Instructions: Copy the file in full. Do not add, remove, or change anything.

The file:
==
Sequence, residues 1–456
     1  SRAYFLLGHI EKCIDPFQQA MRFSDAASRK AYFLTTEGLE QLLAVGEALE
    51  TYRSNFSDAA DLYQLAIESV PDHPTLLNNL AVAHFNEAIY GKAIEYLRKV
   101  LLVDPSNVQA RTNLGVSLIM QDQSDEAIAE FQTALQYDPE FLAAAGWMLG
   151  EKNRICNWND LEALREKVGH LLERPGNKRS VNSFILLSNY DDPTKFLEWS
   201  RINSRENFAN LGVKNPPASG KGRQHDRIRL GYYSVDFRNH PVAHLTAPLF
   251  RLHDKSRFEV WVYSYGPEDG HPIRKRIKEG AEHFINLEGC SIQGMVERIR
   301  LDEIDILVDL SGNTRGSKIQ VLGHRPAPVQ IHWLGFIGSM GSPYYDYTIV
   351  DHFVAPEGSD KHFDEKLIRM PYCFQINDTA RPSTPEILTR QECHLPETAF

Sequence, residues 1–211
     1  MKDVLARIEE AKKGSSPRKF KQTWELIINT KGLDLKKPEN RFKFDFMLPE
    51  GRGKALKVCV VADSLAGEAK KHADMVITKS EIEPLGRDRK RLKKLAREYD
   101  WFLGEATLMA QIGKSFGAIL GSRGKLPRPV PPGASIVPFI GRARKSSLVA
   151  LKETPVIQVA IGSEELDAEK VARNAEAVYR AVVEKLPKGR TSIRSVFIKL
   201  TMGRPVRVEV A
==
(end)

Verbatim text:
Sequence, residues 1–456
     1  SRAYFLLGHI EKCIDPFQQA MRFSDAASRK AYFLTTEGLE QLLAVGEALE
    51  TYRSNFSDAA DLYQLAIESV PDHPTLLNNL AVAHFNEAIY GKAIEYLRKV
   101  LLVDPSNVQA RTNLGVSLIM QDQSDEAIAE FQTALQYDPE FLAAAGWMLG
   151  EKNRICNWND LEALREKVGH LLERPGNKRS VNSFILLSNY DDPTKFLEWS
   201  RINSRENFAN LGVKNPPASG KGRQHDRIRL GYYSVDFRNH PVAHLTAPLF
   251  RLHDKSRFEV WVYSYGPEDG HPIRKRIKEG AEHFINLEGC SIQGMVERIR
   301  LDEIDILVDL SGNTRGSKIQ VLGHRPAPVQ IHWLGFIGSM GSPYYDYTIV
   351  DHFVAPEGSD KHFDEKLIRM PYCFQINDTA RPSTPEILTR QECHLPETAF

Sequence, residues 1–211
     1  MKDVLARIEE AKKGSSPRKF KQTWELIINT KGLDLKKPEN RFKFDFMLPE
    51  GRGKALKVCV VADSLAGEAK KHADMVITKS EIEPLGRDRK RLKKLAREYD
   101  WFLGEATLMA QIGKSFGAIL GSRGKLPRPV PPGASIVPFI GRARKSSLVA
   151  LKETPVIQVA IGSEELDAEK VARNAEAVYR AVVEKLPKGR TSIRSVFIKL
   201  TMGRPVRVEV A